Alter routine to create new experiences
President McKinley Williams unveils the sculpture of former night and weekend supervisor Martin Padilla in front of the Student Services Center on Thursday. Padilla was killed in a 2008 car crash in Pinole where he collided with a man involved in a high-speed chase with police. Sam Attal / The Advocate
Life becomes more fulfilling for people once they learn how to step out of their comfort zone.
As humans, we create habits and routines. It is true that creating routines can help us organize our daily lives. However, repetition can become boring - it prevents us from expanding our horizons.
According to a study by the author of "The How of Happiness," Dr. Sonja Lyubomirsky, 40 percent of what makes us happy are our intentional activities.
Intentional activities are what we choose to do on a regular basis to become happier. This does not include social status or material objects.
In her book, Lyubomirsky writes, "If we observe genuinely happy people, we shall find that they do not just sit around being content. They make things happen. They pursue new understandings, seek new achievements..."
A happy individual does not stick to his or her comfort zone.
In the film documentary, "Happy," Lyubomirsky said it's very important, if a person wants to become happier, to try not to adapt to what they're doing so they would consciously vary what they do - this can be done by doing something as simple as changing the route one takes when jogging.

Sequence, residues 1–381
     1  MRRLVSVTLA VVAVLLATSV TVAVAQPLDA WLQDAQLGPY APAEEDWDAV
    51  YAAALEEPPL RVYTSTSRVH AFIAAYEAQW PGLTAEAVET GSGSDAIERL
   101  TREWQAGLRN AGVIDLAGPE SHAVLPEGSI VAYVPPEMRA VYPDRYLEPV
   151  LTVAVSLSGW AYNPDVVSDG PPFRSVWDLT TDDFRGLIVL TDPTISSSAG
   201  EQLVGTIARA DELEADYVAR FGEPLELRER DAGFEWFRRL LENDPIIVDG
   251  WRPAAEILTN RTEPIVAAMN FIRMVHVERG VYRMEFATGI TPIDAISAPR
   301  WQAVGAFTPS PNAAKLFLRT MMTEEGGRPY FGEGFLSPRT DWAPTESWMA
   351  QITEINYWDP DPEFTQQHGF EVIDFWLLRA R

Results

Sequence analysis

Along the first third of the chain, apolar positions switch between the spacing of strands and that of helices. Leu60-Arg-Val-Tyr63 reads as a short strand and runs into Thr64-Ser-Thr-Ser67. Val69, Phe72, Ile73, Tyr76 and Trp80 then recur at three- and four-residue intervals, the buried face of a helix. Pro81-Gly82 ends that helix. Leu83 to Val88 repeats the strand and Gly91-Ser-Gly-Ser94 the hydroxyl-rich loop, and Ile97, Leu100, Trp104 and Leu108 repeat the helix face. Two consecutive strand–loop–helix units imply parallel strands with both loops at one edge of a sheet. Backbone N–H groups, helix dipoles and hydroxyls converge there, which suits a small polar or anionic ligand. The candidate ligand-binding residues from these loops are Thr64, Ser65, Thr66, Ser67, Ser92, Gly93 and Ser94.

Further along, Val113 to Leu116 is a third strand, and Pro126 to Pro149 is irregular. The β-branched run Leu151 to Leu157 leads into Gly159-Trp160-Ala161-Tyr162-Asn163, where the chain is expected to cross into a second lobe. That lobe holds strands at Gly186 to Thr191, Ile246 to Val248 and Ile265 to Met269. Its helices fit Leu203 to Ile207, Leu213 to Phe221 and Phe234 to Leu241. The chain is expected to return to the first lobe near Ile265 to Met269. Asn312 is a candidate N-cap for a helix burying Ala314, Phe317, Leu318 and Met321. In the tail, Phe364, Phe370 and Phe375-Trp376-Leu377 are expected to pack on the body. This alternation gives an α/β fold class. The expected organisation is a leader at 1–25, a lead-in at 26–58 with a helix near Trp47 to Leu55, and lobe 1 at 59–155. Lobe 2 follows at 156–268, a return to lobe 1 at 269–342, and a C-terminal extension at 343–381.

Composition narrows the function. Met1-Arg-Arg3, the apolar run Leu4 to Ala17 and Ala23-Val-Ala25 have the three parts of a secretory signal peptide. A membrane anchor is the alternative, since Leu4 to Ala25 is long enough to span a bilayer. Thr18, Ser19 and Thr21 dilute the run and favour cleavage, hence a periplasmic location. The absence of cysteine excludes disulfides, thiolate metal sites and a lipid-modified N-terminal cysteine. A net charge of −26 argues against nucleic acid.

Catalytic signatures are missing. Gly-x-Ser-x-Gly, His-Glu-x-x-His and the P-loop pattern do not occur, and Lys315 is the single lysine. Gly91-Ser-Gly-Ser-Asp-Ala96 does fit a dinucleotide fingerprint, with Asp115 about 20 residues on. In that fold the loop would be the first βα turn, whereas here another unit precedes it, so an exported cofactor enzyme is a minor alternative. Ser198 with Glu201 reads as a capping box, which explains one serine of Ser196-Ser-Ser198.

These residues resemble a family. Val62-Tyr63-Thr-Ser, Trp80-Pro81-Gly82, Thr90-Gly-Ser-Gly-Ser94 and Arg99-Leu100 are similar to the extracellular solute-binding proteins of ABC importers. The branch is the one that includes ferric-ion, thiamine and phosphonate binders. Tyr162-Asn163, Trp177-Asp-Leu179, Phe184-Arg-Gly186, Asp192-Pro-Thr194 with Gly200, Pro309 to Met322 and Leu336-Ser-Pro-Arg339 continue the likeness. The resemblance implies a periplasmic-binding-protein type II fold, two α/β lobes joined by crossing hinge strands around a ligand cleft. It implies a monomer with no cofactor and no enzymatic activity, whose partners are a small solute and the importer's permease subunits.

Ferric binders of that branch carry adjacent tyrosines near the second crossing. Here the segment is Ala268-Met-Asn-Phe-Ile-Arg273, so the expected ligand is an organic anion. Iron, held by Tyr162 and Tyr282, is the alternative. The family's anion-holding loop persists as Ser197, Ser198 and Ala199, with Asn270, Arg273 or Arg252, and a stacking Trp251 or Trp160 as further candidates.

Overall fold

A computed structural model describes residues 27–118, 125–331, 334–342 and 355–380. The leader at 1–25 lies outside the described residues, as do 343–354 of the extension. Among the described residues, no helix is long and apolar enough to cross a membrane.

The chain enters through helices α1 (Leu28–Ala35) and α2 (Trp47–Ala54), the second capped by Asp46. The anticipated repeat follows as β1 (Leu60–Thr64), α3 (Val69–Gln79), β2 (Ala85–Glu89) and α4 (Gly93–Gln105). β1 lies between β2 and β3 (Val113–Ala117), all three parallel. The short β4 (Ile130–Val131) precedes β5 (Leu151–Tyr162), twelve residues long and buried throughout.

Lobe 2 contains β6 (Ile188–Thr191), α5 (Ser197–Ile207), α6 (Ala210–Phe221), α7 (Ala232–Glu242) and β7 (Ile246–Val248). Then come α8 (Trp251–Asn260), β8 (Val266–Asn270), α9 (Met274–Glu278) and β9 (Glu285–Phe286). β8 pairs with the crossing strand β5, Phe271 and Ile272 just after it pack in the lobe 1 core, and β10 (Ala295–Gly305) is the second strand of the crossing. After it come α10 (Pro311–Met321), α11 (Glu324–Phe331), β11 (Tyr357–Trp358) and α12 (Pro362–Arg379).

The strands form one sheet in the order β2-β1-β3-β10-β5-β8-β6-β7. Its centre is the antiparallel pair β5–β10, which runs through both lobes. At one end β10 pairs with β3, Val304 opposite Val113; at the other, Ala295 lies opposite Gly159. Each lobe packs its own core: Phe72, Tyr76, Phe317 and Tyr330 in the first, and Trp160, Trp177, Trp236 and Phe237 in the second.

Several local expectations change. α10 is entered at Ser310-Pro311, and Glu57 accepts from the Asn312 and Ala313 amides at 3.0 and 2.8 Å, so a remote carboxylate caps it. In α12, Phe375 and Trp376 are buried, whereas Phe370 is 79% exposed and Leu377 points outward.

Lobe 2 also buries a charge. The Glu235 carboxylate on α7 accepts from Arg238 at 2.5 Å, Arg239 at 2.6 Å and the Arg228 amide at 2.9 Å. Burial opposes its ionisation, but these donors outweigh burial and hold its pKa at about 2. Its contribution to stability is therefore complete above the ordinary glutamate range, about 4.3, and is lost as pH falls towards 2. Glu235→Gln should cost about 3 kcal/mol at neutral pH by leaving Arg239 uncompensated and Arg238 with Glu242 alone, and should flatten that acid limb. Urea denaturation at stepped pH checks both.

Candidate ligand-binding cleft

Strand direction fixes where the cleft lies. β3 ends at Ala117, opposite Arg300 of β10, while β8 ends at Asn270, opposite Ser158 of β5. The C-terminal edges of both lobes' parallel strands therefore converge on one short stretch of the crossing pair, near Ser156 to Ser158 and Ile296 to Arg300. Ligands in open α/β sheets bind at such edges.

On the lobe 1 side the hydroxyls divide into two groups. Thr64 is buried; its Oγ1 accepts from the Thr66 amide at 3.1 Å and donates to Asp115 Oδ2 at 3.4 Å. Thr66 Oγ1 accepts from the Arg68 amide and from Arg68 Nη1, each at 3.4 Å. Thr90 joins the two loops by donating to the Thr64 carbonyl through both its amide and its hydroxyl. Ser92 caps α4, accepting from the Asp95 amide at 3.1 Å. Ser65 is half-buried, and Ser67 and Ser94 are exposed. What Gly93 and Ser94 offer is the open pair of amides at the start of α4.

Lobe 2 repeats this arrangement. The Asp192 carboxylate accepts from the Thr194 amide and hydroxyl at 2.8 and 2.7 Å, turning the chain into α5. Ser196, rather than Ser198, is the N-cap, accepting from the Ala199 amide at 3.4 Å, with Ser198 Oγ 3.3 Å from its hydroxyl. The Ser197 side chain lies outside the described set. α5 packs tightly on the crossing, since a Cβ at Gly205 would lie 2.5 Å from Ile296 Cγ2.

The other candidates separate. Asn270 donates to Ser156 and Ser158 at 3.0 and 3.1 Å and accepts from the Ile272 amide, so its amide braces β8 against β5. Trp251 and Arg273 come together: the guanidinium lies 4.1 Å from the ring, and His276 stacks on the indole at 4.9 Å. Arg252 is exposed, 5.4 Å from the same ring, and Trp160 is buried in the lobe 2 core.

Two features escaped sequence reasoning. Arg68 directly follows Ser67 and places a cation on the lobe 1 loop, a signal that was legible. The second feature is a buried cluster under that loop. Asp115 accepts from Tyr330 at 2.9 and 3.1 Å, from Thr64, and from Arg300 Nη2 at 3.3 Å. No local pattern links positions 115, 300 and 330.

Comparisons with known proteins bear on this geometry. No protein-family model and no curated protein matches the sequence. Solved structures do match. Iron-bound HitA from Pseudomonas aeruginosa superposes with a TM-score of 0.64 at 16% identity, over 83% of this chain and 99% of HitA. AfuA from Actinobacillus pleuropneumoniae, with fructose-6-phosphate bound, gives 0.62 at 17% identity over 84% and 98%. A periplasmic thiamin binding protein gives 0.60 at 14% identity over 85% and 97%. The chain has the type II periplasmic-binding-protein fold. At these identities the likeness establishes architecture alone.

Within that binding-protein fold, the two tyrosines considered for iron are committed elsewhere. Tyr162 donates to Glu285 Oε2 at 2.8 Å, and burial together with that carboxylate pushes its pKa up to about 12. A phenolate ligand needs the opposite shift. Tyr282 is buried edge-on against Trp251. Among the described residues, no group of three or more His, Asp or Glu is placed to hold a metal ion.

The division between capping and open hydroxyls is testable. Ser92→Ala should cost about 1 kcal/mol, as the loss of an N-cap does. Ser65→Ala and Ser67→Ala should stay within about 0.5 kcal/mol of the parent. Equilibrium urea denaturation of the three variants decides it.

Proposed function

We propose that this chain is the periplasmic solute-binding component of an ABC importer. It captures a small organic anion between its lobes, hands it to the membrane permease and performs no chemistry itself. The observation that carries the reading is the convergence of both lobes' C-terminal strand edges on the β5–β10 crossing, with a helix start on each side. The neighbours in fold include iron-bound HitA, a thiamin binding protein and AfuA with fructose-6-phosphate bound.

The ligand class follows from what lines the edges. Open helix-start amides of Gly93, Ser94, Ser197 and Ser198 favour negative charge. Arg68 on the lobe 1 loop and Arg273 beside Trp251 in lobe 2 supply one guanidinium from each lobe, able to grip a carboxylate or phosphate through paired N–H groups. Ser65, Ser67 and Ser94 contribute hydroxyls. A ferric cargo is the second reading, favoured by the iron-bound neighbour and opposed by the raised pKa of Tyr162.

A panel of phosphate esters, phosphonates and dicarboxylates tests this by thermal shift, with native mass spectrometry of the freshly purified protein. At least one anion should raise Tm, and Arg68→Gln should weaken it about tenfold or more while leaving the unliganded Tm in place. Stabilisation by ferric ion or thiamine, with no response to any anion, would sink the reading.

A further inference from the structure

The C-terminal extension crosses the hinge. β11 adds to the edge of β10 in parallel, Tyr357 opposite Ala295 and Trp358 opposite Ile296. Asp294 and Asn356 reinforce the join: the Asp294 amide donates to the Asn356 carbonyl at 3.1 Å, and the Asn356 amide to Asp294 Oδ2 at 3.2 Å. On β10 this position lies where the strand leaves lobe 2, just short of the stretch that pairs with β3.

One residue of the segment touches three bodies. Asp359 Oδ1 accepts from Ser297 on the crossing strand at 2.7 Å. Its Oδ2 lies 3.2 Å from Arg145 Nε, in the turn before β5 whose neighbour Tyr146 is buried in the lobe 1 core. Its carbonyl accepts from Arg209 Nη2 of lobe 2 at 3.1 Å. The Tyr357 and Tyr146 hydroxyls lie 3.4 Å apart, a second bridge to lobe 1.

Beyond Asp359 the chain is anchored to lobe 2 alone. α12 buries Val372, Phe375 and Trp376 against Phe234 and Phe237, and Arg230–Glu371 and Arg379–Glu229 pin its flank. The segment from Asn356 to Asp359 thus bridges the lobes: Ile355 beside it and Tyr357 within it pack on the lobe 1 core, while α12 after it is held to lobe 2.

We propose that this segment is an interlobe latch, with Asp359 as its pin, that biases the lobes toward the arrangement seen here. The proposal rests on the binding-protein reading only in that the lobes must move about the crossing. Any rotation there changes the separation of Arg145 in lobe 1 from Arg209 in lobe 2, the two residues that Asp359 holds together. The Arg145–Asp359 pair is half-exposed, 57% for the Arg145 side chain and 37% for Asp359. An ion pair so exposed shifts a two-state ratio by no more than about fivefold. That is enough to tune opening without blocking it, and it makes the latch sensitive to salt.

Seeing new scenery is refreshing.
There are no drastic changes needed to live a happy life. Someone who makes $250,000 annually isn't happier than someone who makes $25,000 annually, according to an excerpt from the film.
With websites such as www.groupon.com and www.livingsocial.com, that offer deals on restaurants and activities, it is difficult for the common person not to try new adventures.
I am guilty of taking every opportunity to purchase deals on these sites - discount vouchers for everything from Bikram yoga (yoga in a 100 degree temperature room), wine tasting in Napa, and go-cart racing.
I have even considered purchasing a slot in a flying trapeze class.
Yoga can be tough enough without a high temperature room.
I have relied on yoga during periods of stress, but once it became a habit, I knew I needed a challenge, though I was initially afraid of looking like a fool in a Bikram yoga class.
What I found on my first day of class was that I had nothing to be afraid of.
Of course, I was sore physically. But mentally, I was satisfied knowing I had found something else to add to my well-being - I knew I had challenged myself.
Stepping out of one's comfort zone can be as easy as trying a new food.
There are endless amounts of delicacies outside of pizzas, burgers, and hot dogs.
Trying dishes from different cultures can even help people understand other cultures histories.
For example, Filipino dishes contain a mix of ingredients, which show influences from other cultures.
Spanish acquisition in the Philippines is shown through the many Filipino stew-like dishes such as adobo (pork or chicken stewed in vinegar and soy sauce) or arroz caldo (rice and chicken porridge).
Something as simple as trying new dishes can help open your mind and senses. Sometimes food should not be eaten only to satisfy our hunger, but to be experienced.
Trying something new does not mean running to jump out of a plane, unless you want to.
Even little changes in people's daily routine can help them keep their sanity.
It is never a bore to listen to the description. It makes you salivate.
It is all about taking the initiative to explore new interests that keep people from feeling trapped in every day life.
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